7 - Run a marathon in Glencoe
Completing a 26.2 mile run is punishing at the best of times, but completing one across the brutal Glencoe terrain , provides that extra level of pain for the masochists amongst you. Glorious views will at least provide runners a distraction.
8 - Skydive over Fife
A skydive provides the ultimate adrenaline rush for the thrill seekers amongst us. Skydive St Andrews offer tandem jumps every weekend. So now you can see what the Kingdom of Fife looks like when you are hurtling towards it from a height of 10,000 feet.
9 - Abseil from the Forth Bridge
For two days only - one in May, one in October - you can abseil from the UNESCO World Heritage bridge and raise money for Chest, Heart and Stroke Scotland in the process. Earlier this year the bridge was voted the best man made wonder in Scotland.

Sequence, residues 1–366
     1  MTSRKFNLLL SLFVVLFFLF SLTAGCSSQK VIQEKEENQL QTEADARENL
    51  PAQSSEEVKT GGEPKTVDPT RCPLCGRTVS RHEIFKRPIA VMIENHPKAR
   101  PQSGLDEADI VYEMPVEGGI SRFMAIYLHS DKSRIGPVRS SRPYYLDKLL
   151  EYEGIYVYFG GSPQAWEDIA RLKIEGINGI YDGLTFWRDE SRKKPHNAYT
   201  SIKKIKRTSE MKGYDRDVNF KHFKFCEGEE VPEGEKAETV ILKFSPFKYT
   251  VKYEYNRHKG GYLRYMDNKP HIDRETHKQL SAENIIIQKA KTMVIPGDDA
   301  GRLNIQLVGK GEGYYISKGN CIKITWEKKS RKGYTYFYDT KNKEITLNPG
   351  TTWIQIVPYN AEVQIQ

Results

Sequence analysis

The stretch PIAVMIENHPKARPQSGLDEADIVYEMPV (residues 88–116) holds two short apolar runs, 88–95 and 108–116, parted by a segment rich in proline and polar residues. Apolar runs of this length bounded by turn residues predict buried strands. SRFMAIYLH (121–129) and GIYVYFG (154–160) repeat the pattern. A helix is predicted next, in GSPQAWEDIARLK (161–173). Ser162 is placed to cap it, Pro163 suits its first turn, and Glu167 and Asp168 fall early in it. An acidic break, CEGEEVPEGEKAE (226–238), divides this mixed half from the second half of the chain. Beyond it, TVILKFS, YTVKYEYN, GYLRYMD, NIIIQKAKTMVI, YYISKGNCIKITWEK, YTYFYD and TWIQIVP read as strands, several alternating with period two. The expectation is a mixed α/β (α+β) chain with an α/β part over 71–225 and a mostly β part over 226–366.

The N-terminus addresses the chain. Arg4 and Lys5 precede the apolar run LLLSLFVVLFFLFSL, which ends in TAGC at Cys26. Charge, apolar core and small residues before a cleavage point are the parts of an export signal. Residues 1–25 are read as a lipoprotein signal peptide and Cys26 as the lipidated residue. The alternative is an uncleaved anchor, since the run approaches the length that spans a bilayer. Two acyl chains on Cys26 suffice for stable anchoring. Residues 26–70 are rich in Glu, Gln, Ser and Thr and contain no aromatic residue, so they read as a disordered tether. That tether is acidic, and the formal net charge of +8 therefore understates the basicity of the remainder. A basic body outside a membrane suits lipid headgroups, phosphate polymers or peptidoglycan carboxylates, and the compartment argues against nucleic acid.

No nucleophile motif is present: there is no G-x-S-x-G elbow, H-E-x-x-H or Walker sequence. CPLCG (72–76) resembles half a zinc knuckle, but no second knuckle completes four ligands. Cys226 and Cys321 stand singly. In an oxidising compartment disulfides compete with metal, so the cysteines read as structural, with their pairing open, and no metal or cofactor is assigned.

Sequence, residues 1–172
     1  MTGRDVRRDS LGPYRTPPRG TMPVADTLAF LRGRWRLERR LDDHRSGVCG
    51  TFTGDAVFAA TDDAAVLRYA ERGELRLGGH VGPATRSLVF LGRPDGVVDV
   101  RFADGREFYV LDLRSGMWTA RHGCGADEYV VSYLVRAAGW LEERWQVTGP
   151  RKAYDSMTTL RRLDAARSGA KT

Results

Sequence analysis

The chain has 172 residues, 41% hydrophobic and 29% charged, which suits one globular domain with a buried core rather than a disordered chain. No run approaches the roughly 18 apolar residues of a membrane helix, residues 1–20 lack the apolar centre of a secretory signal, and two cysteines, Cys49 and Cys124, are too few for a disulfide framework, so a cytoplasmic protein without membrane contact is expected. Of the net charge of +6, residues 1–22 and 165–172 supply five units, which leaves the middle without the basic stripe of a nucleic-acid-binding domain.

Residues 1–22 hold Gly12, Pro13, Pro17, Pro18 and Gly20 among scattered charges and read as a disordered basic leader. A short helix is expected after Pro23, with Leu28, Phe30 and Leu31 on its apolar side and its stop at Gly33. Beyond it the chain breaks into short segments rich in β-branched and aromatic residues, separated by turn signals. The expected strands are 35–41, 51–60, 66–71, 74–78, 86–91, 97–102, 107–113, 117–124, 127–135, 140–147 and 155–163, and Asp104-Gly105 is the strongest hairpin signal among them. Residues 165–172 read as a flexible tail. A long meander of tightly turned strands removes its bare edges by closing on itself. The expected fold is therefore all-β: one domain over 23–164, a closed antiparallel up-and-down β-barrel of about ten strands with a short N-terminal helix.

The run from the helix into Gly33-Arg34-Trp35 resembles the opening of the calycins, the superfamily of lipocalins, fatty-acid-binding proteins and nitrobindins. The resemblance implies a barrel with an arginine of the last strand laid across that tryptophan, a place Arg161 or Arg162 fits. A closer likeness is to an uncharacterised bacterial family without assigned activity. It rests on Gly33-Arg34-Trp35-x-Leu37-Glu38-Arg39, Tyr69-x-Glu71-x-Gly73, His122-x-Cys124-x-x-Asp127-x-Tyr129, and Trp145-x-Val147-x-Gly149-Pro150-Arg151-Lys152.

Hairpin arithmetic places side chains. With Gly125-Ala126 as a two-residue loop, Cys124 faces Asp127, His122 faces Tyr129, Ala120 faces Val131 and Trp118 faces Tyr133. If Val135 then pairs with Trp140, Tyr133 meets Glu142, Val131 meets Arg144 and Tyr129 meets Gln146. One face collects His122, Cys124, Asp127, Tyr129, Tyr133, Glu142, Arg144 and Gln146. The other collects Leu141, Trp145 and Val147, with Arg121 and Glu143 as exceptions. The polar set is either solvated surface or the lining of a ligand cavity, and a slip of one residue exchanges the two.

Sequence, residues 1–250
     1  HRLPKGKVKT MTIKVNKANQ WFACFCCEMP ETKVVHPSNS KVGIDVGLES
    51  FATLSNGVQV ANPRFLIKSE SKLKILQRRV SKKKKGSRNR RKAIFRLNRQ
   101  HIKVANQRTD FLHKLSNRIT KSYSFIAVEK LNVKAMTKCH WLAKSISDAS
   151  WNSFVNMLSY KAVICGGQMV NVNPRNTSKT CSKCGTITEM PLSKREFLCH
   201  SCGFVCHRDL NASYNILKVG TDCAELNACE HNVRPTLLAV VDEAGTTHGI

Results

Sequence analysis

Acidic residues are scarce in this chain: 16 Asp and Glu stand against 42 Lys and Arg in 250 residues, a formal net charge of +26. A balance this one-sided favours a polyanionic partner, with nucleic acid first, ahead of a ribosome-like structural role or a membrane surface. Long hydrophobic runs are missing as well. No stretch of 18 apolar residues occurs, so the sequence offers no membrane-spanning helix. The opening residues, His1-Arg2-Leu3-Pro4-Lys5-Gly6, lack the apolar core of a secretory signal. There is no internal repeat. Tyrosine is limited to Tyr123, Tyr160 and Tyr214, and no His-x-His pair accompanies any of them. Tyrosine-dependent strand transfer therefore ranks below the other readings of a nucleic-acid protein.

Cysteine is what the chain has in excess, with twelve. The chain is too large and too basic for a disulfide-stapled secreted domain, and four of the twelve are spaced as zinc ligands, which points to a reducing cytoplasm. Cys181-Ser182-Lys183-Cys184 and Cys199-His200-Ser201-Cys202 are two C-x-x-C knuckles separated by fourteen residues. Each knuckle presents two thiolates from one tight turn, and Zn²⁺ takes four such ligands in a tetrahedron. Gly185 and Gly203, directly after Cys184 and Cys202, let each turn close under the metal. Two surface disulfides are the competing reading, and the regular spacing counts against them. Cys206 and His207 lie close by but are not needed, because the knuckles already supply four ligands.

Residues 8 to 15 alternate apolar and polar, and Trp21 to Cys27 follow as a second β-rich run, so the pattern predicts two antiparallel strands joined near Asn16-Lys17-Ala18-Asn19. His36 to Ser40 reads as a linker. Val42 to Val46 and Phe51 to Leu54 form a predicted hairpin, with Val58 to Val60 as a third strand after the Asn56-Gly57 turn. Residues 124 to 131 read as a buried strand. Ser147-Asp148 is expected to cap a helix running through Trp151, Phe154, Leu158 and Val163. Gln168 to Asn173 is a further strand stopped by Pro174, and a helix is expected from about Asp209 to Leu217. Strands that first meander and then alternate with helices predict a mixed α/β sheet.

10 - Learn to surf in Dunbar
If you can handle the chill of the North Sea, learn to surf in East Lothian with Coast to Coast surf school. They organise surf and bodyboard lessons on Dunbar’s pleasant Belhaven Beach.
11 - Climb the daunting Inaccessible Pinnacle
The words Sgurr Dearg strike fear into many a Munro bagger, due to the 200 ft rock climb that presents itself following a gruelling three hour hike. Scaling the “In Pinn” is a must for Scottish thrill seekers and Munro baggers alike. Skye Guides offer a helping hand to inexperienced rock climbers.
12 - Climb Liathach
Quite simply the most breathtaking pair of Munros in Scotland, Spidean a choire Leith and Mullach an Rathain make up the exquisite Liathach ridge. Jaw-dropping scenery make up for the knee-breaking walk and vertigo-inducing scramble.